tearstreakdl

2021-12-14

Find the values of x such that the angle between the vectors (2, 1, -1), and (1, x, 0) is ${45}^{\circ }$.

Hector Roberts

Theorem 3 from this section states that:
$a\cdot b=midaparal\le lbmid\mathrm{cos}\theta$
where \theta is the angle between the vectors a,b
$⟨2,1,-1⟩\cdot ⟨1,x,0⟩=\sqrt{{2}^{2}+{1}^{2}+{\left(-1\right)}^{2}}\sqrt{{1}^{2}+{x}^{2}+{0}^{\left\{}}{\mathrm{cos}45}^{\circ }$
Remember that:
$⟨{a}_{1},{b}_{1},{c}_{1}⟩\cdot ⟨{a}_{2},{b}_{2},{c}_{2}⟩={a}_{1}{a}_{2}+{b}_{1}{b}_{2}+{c}_{1}{c}_{2}$
This is due to the fact that the unit vectors I j, and k have a dot product of 1 with themselves and a dot product of 0 with the other two.
$\left(2\right)\left(1\right)+\left(1\right)\left(x\right)+\left(-1\right)\left(0\right)=\sqrt{4+1+1}\sqrt{1+{x}^{2}+0}\frac{1}{\sqrt{2}}$
$2+x+0=\sqrt{6}\sqrt{1+{x}^{2}}\frac{1}{\sqrt{2}}$
$2+x=\sqrt{3}\sqrt{1+{x}^{2}}$
Square both sides
${\left(2+x\right)}^{2}=3\left(1+{x}^{2}\right)$
$4+4x+{x}^{2}=3+3{x}^{2}$
The quadratic equation should now be written in standard form.
$2{x}^{2}-4x-1=0$
Using the quadratic formula, we can write
$x=\frac{-\left(-4\right)±\sqrt{{\left(-4\right)}^{2}-4\left(2\right)\left(-1\right)}}{2\left(2\right)}=\frac{4±\sqrt{24}}{2\left(2\right)}=\frac{2±\sqrt{6}}{2}$

sukljama2

Step 1
Consider the vectors:
$v=⟨2,1,-1⟩$
$w=⟨1,x,0⟩$
$\theta ={45}^{\circ }$
$\stackrel{\to }{v}2i+j-k$
$\stackrel{\to }{w}=i+xj$
$\stackrel{\to }{v}\cdot \stackrel{\to }{w}=\left(2i+j-k\right)\cdot \left(i+k\right)$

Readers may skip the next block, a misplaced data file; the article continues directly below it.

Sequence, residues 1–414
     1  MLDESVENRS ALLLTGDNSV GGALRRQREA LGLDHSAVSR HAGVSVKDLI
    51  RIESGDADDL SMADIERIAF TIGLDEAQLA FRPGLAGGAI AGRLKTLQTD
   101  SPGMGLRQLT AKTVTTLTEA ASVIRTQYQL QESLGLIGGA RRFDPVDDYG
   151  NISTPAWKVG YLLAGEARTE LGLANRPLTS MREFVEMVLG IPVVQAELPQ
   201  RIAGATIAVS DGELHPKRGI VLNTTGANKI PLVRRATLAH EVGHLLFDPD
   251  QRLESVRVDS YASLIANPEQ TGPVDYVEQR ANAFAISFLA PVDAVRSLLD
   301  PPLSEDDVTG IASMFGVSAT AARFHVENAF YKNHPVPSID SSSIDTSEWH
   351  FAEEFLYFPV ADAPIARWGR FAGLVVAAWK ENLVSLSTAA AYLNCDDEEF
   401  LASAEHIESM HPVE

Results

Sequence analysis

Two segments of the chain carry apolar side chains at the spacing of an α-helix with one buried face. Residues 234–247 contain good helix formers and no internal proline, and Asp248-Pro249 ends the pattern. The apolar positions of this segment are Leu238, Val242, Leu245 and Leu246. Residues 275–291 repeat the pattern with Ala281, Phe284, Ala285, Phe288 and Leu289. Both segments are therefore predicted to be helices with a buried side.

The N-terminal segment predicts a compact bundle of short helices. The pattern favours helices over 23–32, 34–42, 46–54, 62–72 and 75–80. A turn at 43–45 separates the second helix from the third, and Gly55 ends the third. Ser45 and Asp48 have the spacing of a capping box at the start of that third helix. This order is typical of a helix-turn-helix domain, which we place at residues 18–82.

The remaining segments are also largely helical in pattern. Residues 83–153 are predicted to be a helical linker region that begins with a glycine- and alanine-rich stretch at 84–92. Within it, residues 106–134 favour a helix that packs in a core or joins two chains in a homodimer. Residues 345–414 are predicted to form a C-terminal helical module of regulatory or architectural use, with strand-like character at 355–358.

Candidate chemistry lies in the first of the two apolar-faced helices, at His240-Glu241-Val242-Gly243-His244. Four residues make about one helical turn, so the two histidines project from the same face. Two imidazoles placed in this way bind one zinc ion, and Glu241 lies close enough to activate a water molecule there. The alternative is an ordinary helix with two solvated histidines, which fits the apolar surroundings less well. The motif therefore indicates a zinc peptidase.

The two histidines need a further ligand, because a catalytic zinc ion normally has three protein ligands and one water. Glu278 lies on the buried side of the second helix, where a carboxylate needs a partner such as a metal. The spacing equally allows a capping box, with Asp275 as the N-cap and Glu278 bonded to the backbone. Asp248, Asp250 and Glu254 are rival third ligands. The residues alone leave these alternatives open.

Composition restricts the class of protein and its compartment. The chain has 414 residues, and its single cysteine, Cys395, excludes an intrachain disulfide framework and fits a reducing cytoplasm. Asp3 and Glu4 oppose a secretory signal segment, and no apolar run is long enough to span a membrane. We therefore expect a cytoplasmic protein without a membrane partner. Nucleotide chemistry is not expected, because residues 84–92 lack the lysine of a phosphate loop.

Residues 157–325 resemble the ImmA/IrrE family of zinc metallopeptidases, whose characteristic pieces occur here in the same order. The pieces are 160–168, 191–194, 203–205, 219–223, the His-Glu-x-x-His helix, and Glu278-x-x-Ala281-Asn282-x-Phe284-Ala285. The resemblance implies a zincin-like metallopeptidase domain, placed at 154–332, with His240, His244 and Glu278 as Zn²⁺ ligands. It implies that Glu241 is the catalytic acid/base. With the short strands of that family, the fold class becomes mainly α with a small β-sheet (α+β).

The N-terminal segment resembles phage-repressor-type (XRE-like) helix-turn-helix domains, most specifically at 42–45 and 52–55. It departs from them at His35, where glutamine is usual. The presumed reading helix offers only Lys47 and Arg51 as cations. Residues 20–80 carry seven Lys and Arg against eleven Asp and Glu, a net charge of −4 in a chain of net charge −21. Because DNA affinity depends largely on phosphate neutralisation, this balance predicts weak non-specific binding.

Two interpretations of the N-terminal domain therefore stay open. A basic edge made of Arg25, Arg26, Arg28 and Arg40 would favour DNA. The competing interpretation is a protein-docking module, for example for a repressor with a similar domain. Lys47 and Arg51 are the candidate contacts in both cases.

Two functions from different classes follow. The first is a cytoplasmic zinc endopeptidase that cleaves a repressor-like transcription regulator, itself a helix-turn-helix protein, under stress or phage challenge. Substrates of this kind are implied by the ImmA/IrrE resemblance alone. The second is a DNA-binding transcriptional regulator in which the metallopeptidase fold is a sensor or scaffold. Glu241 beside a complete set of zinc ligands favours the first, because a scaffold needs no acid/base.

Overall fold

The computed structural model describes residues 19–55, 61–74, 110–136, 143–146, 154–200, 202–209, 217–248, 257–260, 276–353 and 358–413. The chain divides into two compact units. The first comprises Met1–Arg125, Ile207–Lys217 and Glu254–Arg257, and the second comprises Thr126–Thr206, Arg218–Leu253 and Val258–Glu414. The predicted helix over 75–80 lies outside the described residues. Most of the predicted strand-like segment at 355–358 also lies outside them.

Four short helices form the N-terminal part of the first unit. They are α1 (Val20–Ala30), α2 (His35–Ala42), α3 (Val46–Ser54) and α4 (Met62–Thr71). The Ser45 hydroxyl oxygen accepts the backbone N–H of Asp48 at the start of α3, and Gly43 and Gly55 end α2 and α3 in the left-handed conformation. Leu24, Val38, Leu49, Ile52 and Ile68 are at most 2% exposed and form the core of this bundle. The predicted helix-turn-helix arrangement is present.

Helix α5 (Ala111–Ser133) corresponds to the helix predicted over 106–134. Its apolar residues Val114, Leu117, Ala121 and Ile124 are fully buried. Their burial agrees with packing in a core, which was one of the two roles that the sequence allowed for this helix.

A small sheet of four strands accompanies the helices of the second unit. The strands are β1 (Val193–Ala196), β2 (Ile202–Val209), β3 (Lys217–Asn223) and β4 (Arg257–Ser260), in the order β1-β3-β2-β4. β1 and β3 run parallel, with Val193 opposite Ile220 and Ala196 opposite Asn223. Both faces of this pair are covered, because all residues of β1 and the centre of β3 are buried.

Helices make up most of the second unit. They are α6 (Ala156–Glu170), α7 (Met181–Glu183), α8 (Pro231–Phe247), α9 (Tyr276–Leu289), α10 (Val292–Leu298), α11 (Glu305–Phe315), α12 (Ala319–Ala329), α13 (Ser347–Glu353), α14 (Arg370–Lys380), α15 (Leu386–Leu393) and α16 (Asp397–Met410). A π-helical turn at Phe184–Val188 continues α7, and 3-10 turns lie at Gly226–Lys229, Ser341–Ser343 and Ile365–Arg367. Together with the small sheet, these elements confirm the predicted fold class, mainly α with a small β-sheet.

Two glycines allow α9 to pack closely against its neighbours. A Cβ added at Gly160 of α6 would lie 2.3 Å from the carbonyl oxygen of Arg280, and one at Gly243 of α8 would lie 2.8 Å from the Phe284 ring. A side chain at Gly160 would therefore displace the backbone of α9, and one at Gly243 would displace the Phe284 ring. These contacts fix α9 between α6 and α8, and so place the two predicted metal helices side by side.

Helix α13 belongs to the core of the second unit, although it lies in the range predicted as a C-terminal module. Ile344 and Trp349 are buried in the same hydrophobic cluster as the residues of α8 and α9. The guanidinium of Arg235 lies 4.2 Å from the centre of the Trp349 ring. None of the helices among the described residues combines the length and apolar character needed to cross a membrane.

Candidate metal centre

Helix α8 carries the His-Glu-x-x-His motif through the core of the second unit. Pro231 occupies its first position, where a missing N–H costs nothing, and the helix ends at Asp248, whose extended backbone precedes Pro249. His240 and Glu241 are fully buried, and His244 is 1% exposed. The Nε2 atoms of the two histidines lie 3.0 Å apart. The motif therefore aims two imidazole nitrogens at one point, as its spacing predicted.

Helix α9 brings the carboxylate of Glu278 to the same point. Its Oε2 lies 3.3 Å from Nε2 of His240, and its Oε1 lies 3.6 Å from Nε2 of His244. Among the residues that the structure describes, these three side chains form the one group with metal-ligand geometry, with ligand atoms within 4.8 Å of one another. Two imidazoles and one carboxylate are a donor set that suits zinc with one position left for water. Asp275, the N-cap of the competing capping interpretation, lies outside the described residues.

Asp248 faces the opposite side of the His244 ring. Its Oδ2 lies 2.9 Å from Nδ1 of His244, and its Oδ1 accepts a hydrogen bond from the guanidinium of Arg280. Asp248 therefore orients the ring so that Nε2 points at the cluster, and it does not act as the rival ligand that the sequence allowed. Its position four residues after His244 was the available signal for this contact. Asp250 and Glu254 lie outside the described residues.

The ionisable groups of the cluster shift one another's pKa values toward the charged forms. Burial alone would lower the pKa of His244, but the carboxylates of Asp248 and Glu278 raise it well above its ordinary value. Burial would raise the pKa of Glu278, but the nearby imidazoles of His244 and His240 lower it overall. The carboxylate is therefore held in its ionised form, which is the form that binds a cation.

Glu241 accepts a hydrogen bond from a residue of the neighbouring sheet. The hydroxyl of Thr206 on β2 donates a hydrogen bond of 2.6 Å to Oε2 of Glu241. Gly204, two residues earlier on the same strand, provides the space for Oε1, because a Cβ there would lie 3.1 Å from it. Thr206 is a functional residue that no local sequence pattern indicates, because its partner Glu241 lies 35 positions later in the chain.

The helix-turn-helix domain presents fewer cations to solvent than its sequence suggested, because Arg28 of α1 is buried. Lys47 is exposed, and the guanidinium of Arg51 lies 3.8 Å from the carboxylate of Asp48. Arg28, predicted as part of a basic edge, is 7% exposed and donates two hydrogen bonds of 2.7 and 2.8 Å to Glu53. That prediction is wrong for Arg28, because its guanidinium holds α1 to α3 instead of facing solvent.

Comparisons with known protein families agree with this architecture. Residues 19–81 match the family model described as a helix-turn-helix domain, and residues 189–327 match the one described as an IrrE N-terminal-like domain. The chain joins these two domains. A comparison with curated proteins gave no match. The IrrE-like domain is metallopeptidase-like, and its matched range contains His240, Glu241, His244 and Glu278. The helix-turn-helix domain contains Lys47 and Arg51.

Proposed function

$=\left(2\right)\left(1\right)+\left(1\right)\left(x\right)+\left(-1\right)\left(0\right)$
$=2+x$
Step 2
Find the magnitude each vector:
$mid\stackrel{\to }{v}mid=\sqrt{{2}^{2}+{1}^{2}+{\left(1\right)}^{2}}$
$=\sqrt{4+1+1}$
$=\sqrt{6}$
$mid\stackrel{\to }{w}mid=\sqrt{{1}^{2}+{\left(x\right)}^{2}+{\left(0\right)}^{2}}$
$=\sqrt{1+{x}^{2}+0}$
$=\sqrt{1+{x}^{2}}$
Step 3 Find the cosine angle between two vectors:
$\stackrel{\to }{v}\cdot \stackrel{\to }{w}=mid\stackrel{\to }{v}paral\le l\stackrel{\to }{w}mid\mathrm{cos}\theta$
$2+x=\left(\sqrt{6}\right)\left(\sqrt{1+{x}^{2}}\right\}{\mathrm{cos}45}^{\circ }$
$2+x=\left(\sqrt{6}\right)\left(\sqrt{1+{x}^{2}\right)}\left(\begin{array}{c}\frac{1}{\sqrt{2}}\end{array}\right)$
$2+x=\left(\sqrt{6}\right)\left(\sqrt{1+{x}^{2}\right)}\left(\begin{array}{c}\frac{\sqrt{2}}{2}\end{array}\right)$
$2+x=\frac{\sqrt{12}}{2}\left(\sqrt{1+{x}^{2}}\right\}$
$\frac{\sqrt{12}}{2}\left(2+x\right)=\sqrt{1+{x}^{2}}$
$\frac{4}{12}{\left(2+x\right)}^{2}=1+{x}^{2}$
$\frac{4}{12}\left(4+{x}^{2}+4x\right)=1+{x}^{2}$
$\frac{1}{3}\left(4+{x}^{2}+4x\right)=1+{x}^{2}$

Do you have a similar question?